Friday, April 18, 2014

The Passion and the Power (Mark 10:32-45)

“You know that those who are considered rulers of the Gentiles lord it over them, and their great ones exercise authority over them. But it shall not be so among you. But whoever would be great among you must be your servant, and whoever would be first among you must be slave of all. For even the Son of Man came not to be served but to serve, and to give his life as a ransom for many.”

With Jesus’ third passion prediction, we get another teaching opportunity. This time around, the prediction is noteworthy because it is highly detailed; Jesus knows what is coming and not simply in generalities. However, it is also interesting to see that this time it inspires fear and astonishment in His hearers and not simply confusion.

Whatever they think of these increasingly detailed predictions of Jesus’ death, the disciples are still gearing up for their positions in the new order of things. James and John attract particular anger from the others by asking for the two most influential and powerful positions in the new kingdom. Jesus sees this dangerous attitude as an opportunity to teach.

In the Kingdom of God, leadership is not about power. Jesus phrases His teaching in a way that could be read a couple of ways. When He says that those who desire “greatness” will be servants and even slaves, it could be stretched to read so that the desire for power will lead to a low position. However, what is really being taught here is that Kingdom leadership is something wholly other that worldly leadership. In the kingdom leadership is all about serving others. It is not at all about power, as power resides solely with God.

This is something with which Christian institutions struggle all the time. Ambition in the church and Christian organizations is a hard thing to gauge at times. We all fall victim to our worldly, cultural perspectives. What is usually clear to those who will see it is the fact that ambition to lead is something to be viewed skeptically. The best leaders are those who prove their worth when leadership is thrust upon them. They don’t pursue power but rather the opportunity to help others fulfill their potential, to succeed.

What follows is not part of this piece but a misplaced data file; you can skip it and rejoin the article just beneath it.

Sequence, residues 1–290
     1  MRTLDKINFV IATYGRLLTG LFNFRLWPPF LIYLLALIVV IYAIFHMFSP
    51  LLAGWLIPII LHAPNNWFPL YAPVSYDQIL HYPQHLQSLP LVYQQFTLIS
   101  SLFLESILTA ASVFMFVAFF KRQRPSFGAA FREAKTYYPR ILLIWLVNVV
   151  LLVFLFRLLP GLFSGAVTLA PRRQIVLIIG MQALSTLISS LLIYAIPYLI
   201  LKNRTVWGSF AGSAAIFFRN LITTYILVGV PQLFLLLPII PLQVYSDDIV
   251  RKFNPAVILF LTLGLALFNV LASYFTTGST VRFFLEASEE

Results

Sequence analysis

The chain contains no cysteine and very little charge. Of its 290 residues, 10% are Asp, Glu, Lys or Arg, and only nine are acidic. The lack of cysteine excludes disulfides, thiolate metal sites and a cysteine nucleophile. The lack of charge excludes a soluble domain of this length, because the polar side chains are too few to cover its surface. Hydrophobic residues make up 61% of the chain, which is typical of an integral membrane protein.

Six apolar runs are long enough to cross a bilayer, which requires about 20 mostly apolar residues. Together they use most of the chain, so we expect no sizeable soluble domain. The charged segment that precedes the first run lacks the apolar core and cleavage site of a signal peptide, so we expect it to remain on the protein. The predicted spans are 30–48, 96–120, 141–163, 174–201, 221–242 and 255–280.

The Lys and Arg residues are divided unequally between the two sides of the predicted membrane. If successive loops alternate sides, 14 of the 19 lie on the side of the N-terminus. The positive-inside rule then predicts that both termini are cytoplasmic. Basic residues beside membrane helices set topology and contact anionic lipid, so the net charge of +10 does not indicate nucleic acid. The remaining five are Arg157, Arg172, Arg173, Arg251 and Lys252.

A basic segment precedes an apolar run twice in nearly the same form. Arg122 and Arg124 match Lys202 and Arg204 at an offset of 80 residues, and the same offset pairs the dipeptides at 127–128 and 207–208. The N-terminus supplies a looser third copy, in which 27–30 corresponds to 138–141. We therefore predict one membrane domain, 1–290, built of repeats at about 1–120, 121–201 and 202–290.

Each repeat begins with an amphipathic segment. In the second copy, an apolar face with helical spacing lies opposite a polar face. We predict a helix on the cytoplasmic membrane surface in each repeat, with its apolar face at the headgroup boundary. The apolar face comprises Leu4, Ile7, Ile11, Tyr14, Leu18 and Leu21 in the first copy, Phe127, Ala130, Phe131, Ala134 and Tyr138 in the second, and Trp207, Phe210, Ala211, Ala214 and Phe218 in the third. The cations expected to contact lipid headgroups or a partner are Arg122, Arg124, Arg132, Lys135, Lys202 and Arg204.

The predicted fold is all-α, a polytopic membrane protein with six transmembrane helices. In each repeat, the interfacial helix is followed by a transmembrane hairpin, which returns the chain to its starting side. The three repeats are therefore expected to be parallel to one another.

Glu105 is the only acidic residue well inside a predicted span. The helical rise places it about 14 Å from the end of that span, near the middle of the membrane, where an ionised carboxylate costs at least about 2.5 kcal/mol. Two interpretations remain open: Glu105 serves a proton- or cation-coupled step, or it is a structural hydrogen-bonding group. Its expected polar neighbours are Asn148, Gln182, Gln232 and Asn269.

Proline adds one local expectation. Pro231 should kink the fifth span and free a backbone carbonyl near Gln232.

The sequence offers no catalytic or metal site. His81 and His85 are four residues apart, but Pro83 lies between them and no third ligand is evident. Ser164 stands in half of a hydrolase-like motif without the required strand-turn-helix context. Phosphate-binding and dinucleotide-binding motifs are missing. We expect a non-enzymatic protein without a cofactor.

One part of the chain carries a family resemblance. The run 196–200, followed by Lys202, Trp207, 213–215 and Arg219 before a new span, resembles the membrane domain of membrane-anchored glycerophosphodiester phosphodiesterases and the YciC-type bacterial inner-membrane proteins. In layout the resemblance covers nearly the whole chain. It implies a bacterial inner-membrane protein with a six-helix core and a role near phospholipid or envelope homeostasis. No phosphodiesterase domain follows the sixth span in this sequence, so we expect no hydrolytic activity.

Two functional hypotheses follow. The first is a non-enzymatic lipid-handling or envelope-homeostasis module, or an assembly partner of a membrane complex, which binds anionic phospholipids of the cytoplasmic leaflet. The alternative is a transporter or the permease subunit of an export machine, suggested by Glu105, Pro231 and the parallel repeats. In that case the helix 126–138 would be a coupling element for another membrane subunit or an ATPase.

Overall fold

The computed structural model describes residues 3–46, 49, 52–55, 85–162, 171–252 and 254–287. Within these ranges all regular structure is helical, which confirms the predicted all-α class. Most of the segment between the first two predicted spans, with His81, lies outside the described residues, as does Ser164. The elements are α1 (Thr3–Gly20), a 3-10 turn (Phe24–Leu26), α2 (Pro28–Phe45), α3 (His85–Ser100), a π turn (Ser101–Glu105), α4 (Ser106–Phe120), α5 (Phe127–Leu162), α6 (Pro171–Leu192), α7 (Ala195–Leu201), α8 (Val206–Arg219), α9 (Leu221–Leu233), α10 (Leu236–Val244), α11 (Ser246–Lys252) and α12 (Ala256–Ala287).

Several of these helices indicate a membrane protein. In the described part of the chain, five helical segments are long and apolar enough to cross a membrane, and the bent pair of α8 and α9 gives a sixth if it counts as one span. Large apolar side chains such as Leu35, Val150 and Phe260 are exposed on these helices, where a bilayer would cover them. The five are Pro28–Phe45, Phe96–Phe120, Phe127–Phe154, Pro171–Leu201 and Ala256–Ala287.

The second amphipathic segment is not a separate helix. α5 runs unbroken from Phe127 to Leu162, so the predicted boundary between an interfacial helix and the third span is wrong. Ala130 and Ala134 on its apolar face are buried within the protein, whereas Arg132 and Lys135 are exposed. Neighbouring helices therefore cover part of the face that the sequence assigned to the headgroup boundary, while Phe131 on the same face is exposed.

Unfortunately, we tend to persist in our understanding of leadership as power.

Thursday, April 17, 2014

The Cutural Conversation

I have yet to make it out to see “Noah.” It isn’t for lack of trying, however. I have been planning to see it with someone for 3 weeks now and we just can’t make our calendars match up. Some people I know think I have no business watching a movie like that, but for the life of me I can’t see why it isn’t actually my responsibility to go see it.

My highest purpose in life is to talk about God and make Him known. In a culture where God is not a popular topic of conversation—and faith in Him is even a taboo topic—I take any opportunity I can to jump into ongoing conversations involving anything remotely relating to the idea. So, if Hollywood makes a film adaptation of a Bible story or tell a story involving spirituality or faith, however poorly, I am going to talk about it.

And, while I’m at it, my slant is not going to be primarily about how bad the film was or how evil their take on it may be. The only people interested in that conversation are the haters and the self-appointed culture police. They think they already know all there is to know about God and I have no need nor interest engaging in that debate. I will seek out the curious, the interested people who—thanks to some secular film or book or TV show—are beginning to ask themselves questions they have never considered before.

Some would even go so far as to say it is a sin to support such filmmakers financially. To them I would say my individual ticket fee is not going to make much of a difference to a filmmaker, and any organized effort by any mass of people to have a greater impact through some boycott only increases curiosity—and profit—for such “entertainment.” And don’t the same people who criticize financially supporting such evils as movies tend to throw their money at companies or organizations that profit from gluttony, gossip, oppressing the poor, or other evils?

Truth be told, this is not an issue of entertainment. Most of the time these high drama or epic action movies tend to be unentertaining. They are either too preachy or too loosely adapted, or simply take themselves too seriously. But the point of seeing them is not a diversion. It is a part of a large, global cultural conversation and it is our responsibility as light in the world to take part.